VIENNA // US secretary of state John Kerry and his Iranian counterpart sought on Wednesday to jumpstart stalled talks over Tehran’s nuclear programme, less than six weeks before a deadline to forge a deal.
Iran and six world powers have until November 24 to strike a comprehensive accord meant to prevent Tehran from developing nuclear weapons under the cover of its civilian atomic programme.
Ahead of the meeting in Vienna with Mohammad Javad Zarif as well as EU foreign policy chief Catherine Ashton, Mr Kerry said there was still hard work to be done but that a deal remained achievable.
“I don’t believe it’s out of reach, but we have some tough issues to resolve,” Mr Kerry told reporters in Paris on Tuesday after talks with Russian foreign minister Sergei Lavrov.
Mr Kerry refused to be drawn on whether – as floated by Lavrov, Iran’s president and many experts – Iran and the six powers might push back the target date, as they did earlier this year.
“We need to continue to have some serious discussions, which we will, and we’ll see where we are,” he said.
“I don’t think anything is served by a lot of speculation at this point in time.
A senior state department spokesman added on Wednesday: “We’re not talking about an extension. There is still time to get this done... if everyone can make the decisions they need.”
But Mr Lavrov, whose country together with the US, China, Britain, France and Germany forms the P5+1 group, said on Tuesday in Paris that the November deadline was not “sacred”.
“We aspire to get a result by that date but I am convinced by the principle that it is not artificially-set deadlines but the essence of the deal, the quality of the deal [that counts],” Mr Lavrov said.
Mr Zarif too appeared to indicate that another extension might be needed in order to discuss what he called “serious and innovative” -- but unspecified -- “new methods”.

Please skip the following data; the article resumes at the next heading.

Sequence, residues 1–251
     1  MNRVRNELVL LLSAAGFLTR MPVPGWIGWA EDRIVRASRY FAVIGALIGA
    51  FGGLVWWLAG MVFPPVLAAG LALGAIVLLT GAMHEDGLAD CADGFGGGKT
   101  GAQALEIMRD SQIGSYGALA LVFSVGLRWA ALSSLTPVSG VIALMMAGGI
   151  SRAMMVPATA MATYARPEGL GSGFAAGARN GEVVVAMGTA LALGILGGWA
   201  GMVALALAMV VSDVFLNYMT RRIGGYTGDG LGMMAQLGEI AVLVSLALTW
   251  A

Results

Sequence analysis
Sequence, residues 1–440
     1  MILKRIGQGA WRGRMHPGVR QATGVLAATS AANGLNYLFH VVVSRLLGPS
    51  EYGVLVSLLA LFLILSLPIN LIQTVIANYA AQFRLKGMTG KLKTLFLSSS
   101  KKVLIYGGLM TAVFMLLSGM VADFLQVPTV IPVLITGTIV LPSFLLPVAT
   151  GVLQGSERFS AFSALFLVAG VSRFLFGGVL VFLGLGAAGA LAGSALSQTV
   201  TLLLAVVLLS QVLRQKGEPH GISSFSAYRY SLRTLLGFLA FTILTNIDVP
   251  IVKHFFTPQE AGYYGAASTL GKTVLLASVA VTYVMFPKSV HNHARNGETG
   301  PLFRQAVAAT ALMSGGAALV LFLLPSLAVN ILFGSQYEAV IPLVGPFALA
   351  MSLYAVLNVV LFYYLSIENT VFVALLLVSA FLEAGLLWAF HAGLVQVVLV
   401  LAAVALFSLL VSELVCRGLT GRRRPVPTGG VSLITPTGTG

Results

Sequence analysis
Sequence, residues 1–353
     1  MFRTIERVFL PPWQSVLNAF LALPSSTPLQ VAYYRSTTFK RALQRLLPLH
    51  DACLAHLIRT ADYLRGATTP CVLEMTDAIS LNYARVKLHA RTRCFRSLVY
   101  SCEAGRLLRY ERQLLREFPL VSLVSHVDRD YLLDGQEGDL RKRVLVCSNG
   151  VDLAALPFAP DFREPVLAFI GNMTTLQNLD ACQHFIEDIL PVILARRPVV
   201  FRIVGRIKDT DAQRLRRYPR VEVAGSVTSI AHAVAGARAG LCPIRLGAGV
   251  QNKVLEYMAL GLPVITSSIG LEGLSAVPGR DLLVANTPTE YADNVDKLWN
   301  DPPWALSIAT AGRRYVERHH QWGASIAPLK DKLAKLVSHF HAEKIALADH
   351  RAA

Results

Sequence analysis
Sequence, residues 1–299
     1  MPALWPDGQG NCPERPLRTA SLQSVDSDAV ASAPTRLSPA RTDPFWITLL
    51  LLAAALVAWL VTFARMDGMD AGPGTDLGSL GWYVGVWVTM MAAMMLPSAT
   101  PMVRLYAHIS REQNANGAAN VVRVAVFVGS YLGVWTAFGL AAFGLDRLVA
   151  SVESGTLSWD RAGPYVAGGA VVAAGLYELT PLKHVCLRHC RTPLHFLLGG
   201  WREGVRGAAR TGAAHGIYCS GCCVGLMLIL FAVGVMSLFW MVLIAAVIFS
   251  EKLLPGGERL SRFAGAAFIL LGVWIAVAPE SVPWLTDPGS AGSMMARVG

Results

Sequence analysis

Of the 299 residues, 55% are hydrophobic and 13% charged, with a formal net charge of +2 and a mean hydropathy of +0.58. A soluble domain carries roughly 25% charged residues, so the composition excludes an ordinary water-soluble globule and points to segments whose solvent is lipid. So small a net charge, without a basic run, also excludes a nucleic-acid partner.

“These talks will take time ... and it is possible that more time might be needed to discuss these solutions,” he told state television late on Tuesday after talks with US and EU negotiators including Ms Ashton.
Iran, reeling from sanctions pressure, denies seeking to build the atomic bomb and says it wants to expand its nuclear programme in order to generate electricity and help cancer patients.
But the six powers are pressing Tehran to reduce in scope its activities in order to make any dash to make a weapon all but impossible, offering sanctions relief in return.
Last November, the two sides agreed an interim deal and set a July 20 target to agree a lasting accord, but the deadline was extended to November 24.
Progress appears to have been made on changing the design of a new reactor at Arak so that it produces less weapons-grade plutonium, as well as on enhanced UN inspections and on the fortified Fordo facility.
The main bone of contention however remains Iran’s enrichment capacity, a process rendering uranium suitable for power generation but also, at high purities, for a nuclear weapon.
Other problem areas include the pace at which sanctions would be lifted, the timeframe that an accord would cover and a troubled UN probe into past suspect “military dimensions” of Iran’s activities.
The US official said that Washington had identified sanctions that could be eased in a first step in any deal but indicated that there remained disagreement on this with the Iranians.
Many analysts have begun to believe that the deadline might be extended again, possibly locking in something on Arak and Fordo, into a so-called “Interim Plus” deal.
“A fully-fledged agreement by November 24 no longer appears likely. What is still possible is a breakthrough that could justify adding more time to the diplomatic clock,” said Ali Vaez from the International Crisis Group.
“Our will is that in 40 days the matter will be resolved but if other things happen and we are not able to solve all the problems, the two camps will find a solution,” Iranian president Hassan Rouhani said on state television on Friday.
* Agence France-Press